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November 21, 2022updated 22 Nov 2022 10:36pm

Patterns of US apparel trade and sourcing: latest trends and outlook

Based on the latest trade data released by the Office of Textiles and Apparel (OTEXA) and the US International Trade Commission (USITC), this article analyzed the US apparel import patterns in the first three quarters of 2022.

By Dr Sheng

The findings, outlined by Dr Sheng Lu, associate professor in the Department of Fashion and Apparel Studies at the University Delaware, help fashion brands, retailers, and suppliers navigate the shifting business environment and capture the critical emerging US apparel import trends.

First, as the US economy faces headwinds, US apparel imports have slowed substantially. Specifically, with US consumers struggling with four-decade-high inflation and having to prioritise budget for other necessities, the value of US clothing retail sales had zero growth in October 2022 from a month ago (seasonally adjusted). Meanwhile, US apparel retailers’ stock-to-sales ratio, a critical indicator of their inventory level, rose from 2.02 at the beginning of the year to 2.19 in October 2022 (seasonally adjusted). As a result, fashion companies were tight on cash flows to invest in new merchandise, and many chose to cut sourcing orders to control the inventory level.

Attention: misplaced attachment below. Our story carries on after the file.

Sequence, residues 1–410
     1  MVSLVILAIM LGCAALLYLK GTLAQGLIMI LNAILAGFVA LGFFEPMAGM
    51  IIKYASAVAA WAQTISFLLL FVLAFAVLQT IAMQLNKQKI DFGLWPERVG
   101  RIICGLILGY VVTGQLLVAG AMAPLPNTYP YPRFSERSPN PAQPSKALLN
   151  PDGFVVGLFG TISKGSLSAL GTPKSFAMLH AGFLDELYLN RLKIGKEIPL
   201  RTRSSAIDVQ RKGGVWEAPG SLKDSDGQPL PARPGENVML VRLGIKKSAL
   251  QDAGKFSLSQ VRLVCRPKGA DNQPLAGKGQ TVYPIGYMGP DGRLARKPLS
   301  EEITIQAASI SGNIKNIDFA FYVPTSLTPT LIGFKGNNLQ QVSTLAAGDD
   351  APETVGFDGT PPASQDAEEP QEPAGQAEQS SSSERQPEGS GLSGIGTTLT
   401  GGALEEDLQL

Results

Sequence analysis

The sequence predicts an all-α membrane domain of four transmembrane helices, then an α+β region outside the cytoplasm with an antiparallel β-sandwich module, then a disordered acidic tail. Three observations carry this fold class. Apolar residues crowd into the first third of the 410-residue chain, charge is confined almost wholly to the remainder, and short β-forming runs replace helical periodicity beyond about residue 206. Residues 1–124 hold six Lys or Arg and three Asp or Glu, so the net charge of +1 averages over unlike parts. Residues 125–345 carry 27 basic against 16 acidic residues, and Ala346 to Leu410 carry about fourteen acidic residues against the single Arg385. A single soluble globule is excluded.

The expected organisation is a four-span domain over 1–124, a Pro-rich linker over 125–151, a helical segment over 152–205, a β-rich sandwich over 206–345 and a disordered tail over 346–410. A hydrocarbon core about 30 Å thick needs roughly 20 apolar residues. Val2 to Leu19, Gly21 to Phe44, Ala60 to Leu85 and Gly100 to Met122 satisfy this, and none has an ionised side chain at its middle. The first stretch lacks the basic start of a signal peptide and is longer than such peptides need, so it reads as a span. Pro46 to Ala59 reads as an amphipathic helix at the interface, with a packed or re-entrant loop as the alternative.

The latest trade data reflected the negative impact of the slowed US economy and consumers’ weakened demand. For example, US apparel imports in October 2022 sharply shrank by 9.3% in quantity and 4.9% in value from September (seasonally adjusted). Cumulatively, US apparel in 2022Q3 suffered a negative growth of 18.1% in quantity and 12.7% in value, the worse performance since 2021 (seasonally adjusted). Additionally, statistical analysis of the trade pattern over the past five years suggested that US apparel imports could total between $101.6bn and $109.8bn in 2022, with an annual growth rate ranging from 24.5% to 34.6%.

Second, the rising sourcing costs remained a significant business challenge to US fashion companies. Affected by the macroeconomic environment, the price index of US apparel imports reached 106.0 in September 2022 (January 2019=100), a 4.5% increase from a year ago and the highest since 2019. USITC data further showed that, of the over 230 categories of apparel items (HS Chapters 61 and 62, 6-digit) at the six-digit code level, nearly 68% had a price increase in the three quarters of 2022 from a year ago, including 45% experiencing a price increase higher than 10%.

On the other hand, however, due to weakened demand, US fashion brands and retailers could not entirely pass the rising sourcing cost on to consumers. For example, the US retail price index for clothing stood at 102.5 in September 2022 (January 2019=100), down from 102.8 a month ago, and was the lowest since June 2022. Likewise, industry sources indicated that from August to October 2022, US retailers offered a discount on about 60% of apparel items for sale in the retail market, higher than 48% over the same period in 2021. In other words, in the current business environment, many US fashion companies had to promote sales more forcefully, even at the cost of their profit margins.